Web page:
Morisset hobby trainer Jason Cook is savouring every race with My Blue Heeler as he chases a third win in row on Friday night at harness racing's Newcastle Paceway. The six-year-old, which will contest race one, won at the track last Friday night and on Monday, taking his career tally to six. Cook had My Blue Heeler as a foal and broke him in before owner Athol Lange took him to Queensland. After only two starts, he bowed a tendon then spent the next 18 months in a paddock. When offered, Cook gladly took the horse back, even paying the transport costs. "I got him up and going and he won within his first four starts for me, then he bowed a tendon again," Cook said. "He's bowed a tendon three times and I've got him back each time. It could go again tomorrow but whether he's racing or not, he's always going to be my mate. Once retired, he's going to live his life out with me." Cook said he faced a tougher task on Friday against the likes of Yoha and The Tiger Army. Race one of eight starts at 5.14pm. "It's a harder race because Yoha is in it, he's a good horse from New Zealand, and Corporal Jujon has won its past two as well," he said. "He's going to have to be at his best but he's the type of horse that can sit in the death and run even sectionals, and take the sprint out of the other horses. But he can sit back and still win if the speed is on as well." Glenn Bull again has the drive on My Blue Heeler, which has gate five. Cessnock reinsman Blake Hughes has six drives on the program as he looks for two wins to reach 100 for the season statewide. Hughes is also level with Tom Ison in the Newcastle premiership with five meetings remaining. By Craig Kerry Reprinted with permission of The Newcastle Herald

Kevin Warby believes a bad barrier may cost A Paradigm Shift in the opening race at Newcastle Paceway on Friday night, but the Denman harness racing trainer already feels a winner with the four-year-old he bred and races. A Paradigm Shift (Pet Rock) has won his past two starts at Newcastle - just three days apart - but he faces a tougher task from the extreme outside gate in a slightly higher grade on Friday night. Warby said the sit-sprint specialist would have to go back from the poor draw and be driven for luck, but he was grateful to still have the pacer at all. "We're lucky to still have him," Warby said. "He got his leg caught up in a fence as a two-year-old and he ripped his leg open just above the coronet band and it was only millimetres away from the flexor tendon. "The vets told me I would have to put him down, but I said 'he hasn't cut the flexor tendon, so I can fix that'. "I just bandaged it up with honey for three months, I just kept changing the honey bandage every three to four days and we got him back on the racetrack and he's won six races since they told me to put him down. "If he wasn't already named, I would have named him Revenant, which means back from the dead." Race one is 5.05pm. By Craig Kerry Reprinted with permission of The Newcastle Herald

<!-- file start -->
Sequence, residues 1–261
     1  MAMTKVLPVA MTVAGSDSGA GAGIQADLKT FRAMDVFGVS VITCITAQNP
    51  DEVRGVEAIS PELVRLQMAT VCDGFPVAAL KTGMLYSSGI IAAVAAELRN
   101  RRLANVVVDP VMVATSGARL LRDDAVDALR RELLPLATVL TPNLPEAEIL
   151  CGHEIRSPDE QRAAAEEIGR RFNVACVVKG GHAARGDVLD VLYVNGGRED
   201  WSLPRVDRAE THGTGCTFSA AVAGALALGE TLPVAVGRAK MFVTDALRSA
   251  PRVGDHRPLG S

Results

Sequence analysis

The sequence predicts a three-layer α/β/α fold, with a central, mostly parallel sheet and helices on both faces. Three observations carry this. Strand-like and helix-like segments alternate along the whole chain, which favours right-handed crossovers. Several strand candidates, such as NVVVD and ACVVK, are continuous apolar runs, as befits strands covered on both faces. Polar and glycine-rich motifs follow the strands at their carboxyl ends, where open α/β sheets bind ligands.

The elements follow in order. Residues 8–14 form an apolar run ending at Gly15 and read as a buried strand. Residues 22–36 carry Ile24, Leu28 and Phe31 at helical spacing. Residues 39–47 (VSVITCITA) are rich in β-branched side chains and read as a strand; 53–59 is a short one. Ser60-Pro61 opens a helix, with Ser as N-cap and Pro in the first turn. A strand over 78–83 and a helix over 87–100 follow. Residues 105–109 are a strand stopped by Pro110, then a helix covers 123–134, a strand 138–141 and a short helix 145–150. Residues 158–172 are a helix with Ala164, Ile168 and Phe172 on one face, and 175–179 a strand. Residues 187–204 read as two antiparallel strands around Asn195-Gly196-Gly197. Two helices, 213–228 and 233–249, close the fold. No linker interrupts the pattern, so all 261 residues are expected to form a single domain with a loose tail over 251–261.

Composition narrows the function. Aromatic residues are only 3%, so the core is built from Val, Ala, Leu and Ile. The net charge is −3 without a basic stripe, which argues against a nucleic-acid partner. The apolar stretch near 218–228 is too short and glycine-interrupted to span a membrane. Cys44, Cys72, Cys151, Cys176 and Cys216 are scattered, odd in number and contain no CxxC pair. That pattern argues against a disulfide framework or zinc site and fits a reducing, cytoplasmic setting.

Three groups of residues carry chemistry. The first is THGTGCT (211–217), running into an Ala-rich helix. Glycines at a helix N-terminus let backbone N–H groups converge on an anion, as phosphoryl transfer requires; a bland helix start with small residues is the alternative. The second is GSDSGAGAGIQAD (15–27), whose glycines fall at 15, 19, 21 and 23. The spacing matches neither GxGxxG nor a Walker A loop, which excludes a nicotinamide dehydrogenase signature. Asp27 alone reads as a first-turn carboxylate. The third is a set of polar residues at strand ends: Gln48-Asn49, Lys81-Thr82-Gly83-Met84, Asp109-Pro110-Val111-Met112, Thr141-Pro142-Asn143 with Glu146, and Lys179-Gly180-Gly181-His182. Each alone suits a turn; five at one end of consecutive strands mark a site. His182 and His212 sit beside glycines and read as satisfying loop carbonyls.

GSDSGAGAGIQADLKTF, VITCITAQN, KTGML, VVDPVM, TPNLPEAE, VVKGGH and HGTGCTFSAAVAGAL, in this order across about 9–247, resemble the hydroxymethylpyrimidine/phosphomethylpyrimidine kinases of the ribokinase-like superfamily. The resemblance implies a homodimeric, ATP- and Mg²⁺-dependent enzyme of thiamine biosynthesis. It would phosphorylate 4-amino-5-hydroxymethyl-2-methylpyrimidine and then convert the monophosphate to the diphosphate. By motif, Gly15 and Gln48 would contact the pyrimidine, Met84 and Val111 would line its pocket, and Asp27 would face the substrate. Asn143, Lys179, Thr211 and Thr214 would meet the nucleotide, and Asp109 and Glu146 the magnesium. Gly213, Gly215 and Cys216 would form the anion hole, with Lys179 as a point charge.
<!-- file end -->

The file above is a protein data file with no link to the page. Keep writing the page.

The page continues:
Central Mangrove harness racing trainer Roy Roots jnr will look to cap a memorable few days for his family with wins at Newcastle Paceway on Monday. Roots jnr had a winning double at Newcastle on Friday night with The Big Dig and Topsky. His wife, Cherie Tritton, owns Topsky. The trainer's brother-in-law, Shane Tritton, and his wife, Lauren, then made a stunning debut in the US, winning with their first two starters, My Ruebe Star and Gods Spirit, at Meadowlands. The Trittons, who grew up in the Hunter and dominated harness racing in the region for the best part of a decade, moved from Menangle to the US in March. Back home, Roots jnr went close to a winning return to Menangle racing on Saturday night with The Black Prince and Pitch Perfect. In the first Menangle meeting since the end of COVID-19 regional restrictions, The Black Prince was second in the group 3 Golden Mile. Pitch Perfect was a close second in heats of a series with a $30,000 final. Doubledelightbrigade (Michael Formosa) and Royal Gamble (Mark Callaghan) were also second in heats. Pacing returns to Newcastle on Monday and Roots jnr has She's Our Sapphire (race one), He's The Warrior (six) and Marty Major (eight) as top hopes. Craig Kerry  Reprinted with permission of Newcastle Herald